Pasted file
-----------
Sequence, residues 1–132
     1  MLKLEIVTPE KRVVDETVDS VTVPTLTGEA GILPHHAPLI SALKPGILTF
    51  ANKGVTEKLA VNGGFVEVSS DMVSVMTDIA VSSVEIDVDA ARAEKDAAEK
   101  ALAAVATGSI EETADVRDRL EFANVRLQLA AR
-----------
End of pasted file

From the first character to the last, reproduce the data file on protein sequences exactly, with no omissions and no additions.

Sequence, residues 1–132
     1  MLKLEIVTPE KRVVDETVDS VTVPTLTGEA GILPHHAPLI SALKPGILTF
    51  ANKGVTEKLA VNGGFVEVSS DMVSVMTDIA VSSVEIDVDA ARAEKDAAEK
   101  ALAAVATGSI EETADVRDRL EFANVRLQLA AR